ethnocultural empathy

Empathy: A Double Edged Sword

Author: Violet Cheung-Blundena
Institution: University of San Francisco
Author: Man Yoke Moke
Institution: University of San Francisco
Author: Pranita Ramanan
Institution: University of San Francisco
Year of publication: 2014
Source: Show
Pages: 193-210
DOI Address: https://doi.org/10.15804/kie.2014.05.12
PDF: kie/105/kie10512.pdf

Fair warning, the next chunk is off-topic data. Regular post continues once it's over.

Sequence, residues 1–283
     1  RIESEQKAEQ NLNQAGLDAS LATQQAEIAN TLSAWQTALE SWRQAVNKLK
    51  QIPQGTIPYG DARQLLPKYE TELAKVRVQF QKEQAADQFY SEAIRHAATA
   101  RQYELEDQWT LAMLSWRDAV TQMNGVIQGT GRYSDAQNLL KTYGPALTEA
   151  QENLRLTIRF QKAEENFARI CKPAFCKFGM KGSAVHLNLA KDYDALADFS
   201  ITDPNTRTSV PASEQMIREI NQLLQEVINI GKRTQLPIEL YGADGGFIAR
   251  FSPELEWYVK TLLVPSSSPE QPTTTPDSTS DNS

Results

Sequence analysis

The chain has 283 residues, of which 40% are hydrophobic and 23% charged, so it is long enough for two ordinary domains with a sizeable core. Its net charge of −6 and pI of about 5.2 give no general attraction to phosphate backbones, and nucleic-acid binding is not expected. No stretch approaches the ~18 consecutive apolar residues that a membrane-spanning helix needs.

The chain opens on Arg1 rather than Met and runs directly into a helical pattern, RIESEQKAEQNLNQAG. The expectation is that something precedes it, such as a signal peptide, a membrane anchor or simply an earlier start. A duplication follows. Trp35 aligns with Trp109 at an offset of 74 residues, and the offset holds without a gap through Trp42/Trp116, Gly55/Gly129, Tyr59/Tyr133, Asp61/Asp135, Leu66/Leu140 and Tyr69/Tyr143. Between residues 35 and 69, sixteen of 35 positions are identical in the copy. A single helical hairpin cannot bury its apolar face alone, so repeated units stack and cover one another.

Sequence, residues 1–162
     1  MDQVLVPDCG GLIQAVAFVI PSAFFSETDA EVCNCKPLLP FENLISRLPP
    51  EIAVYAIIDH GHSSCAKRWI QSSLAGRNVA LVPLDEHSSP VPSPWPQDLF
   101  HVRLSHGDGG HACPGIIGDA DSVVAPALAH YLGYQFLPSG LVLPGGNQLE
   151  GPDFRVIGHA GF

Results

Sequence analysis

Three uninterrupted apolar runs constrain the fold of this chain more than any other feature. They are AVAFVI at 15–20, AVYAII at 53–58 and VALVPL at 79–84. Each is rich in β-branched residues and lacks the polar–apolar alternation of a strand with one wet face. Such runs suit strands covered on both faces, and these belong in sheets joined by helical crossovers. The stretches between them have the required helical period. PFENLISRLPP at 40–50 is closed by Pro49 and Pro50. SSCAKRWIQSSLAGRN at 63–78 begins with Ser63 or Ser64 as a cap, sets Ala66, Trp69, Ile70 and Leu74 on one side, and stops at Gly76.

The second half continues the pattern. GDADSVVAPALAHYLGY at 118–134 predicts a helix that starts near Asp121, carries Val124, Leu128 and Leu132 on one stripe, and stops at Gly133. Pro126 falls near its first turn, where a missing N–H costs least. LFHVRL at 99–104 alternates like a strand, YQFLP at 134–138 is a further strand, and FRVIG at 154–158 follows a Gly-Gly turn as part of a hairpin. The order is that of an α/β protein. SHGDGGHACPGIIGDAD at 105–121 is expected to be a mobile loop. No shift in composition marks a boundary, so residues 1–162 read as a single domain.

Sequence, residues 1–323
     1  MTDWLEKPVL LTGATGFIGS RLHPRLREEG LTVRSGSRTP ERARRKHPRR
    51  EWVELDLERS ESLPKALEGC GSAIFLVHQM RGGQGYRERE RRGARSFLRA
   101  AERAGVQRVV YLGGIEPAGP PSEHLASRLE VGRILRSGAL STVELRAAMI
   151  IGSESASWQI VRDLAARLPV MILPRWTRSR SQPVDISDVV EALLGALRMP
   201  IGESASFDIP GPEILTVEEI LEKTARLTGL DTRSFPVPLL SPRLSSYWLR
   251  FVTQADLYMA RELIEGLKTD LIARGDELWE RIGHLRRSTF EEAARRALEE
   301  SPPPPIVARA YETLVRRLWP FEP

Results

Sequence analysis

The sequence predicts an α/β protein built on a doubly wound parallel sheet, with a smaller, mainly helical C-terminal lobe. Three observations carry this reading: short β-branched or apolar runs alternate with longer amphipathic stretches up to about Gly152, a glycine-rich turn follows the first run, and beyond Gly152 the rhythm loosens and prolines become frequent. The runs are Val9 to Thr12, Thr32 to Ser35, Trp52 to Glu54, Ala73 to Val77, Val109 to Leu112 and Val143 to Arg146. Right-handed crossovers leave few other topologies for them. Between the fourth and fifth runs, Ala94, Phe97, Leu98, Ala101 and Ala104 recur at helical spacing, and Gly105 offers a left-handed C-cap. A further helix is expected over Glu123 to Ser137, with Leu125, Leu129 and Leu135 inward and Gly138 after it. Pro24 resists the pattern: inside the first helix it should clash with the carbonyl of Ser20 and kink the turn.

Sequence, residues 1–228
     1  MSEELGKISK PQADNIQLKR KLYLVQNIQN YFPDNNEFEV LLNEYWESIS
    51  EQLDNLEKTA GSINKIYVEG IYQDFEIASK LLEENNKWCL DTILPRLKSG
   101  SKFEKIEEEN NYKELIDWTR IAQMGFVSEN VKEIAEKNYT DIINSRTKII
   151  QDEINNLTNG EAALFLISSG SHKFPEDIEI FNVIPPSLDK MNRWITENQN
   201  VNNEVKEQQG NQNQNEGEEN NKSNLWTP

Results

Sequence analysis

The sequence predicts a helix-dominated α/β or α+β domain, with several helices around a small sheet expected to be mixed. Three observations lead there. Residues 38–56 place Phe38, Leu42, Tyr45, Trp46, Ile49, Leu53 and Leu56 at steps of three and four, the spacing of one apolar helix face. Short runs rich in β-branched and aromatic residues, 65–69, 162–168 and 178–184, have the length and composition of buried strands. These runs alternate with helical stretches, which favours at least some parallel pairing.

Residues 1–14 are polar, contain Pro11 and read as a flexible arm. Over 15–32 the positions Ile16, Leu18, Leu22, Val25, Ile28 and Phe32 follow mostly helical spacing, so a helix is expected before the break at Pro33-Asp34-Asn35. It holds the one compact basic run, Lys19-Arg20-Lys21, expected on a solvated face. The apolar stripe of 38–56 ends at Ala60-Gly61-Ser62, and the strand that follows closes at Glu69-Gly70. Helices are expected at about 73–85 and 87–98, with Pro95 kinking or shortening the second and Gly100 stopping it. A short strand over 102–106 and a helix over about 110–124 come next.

In the domain of interpersonal relations empathy has been widely regarded as a valuable tool for peacebuilding. Past research has shown that if enough empathy is extended to a victim of violence, insight into the victim’s plight tends to give pause to the aggressor and also prompt bystanders to help. While the victim is the sole recipient of empathy in an interpersonal conflict, elevating the concept of empathy from an individual level analysis to a group level analysis encounters further complications. In intergroup conflicts, both parties in the conflict stand to receive empathy. In light of this, one theoretical question is whether both kinds of empathy, those directed to the ingroup members and the outgroup members, have similar utilities in peacebuilding. We reference the literature on intergroup contact and intergroup threats, to scrutinize the role of empathy in intergroup conflicts. We argue that ingroup and outgroup empathy have the opposite effects on group violence – directing empathy to the outgroup results in the denouncement of aggression, whereas directing empathy to the ingroup may lead to a desire to counterattack. Thus, rather than boosting the overall amplitude of empathy, striking the right balance is the key of leveraging empathy towards peace.

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